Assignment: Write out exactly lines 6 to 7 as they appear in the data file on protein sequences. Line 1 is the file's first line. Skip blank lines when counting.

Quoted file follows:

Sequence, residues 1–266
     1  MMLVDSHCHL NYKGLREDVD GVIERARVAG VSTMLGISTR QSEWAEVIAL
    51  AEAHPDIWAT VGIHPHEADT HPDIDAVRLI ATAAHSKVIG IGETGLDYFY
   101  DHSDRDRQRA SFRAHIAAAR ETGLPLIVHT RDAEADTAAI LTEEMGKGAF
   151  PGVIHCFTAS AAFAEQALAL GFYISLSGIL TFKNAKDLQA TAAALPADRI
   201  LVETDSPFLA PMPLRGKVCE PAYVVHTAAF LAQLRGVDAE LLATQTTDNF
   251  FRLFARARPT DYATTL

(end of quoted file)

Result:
   201  LVETDSPFLA PMPLRGKVCE PAYVVHTAAF LAQLRGVDAE LLATQTTDNF
   251  FRLFARARPT DYATTL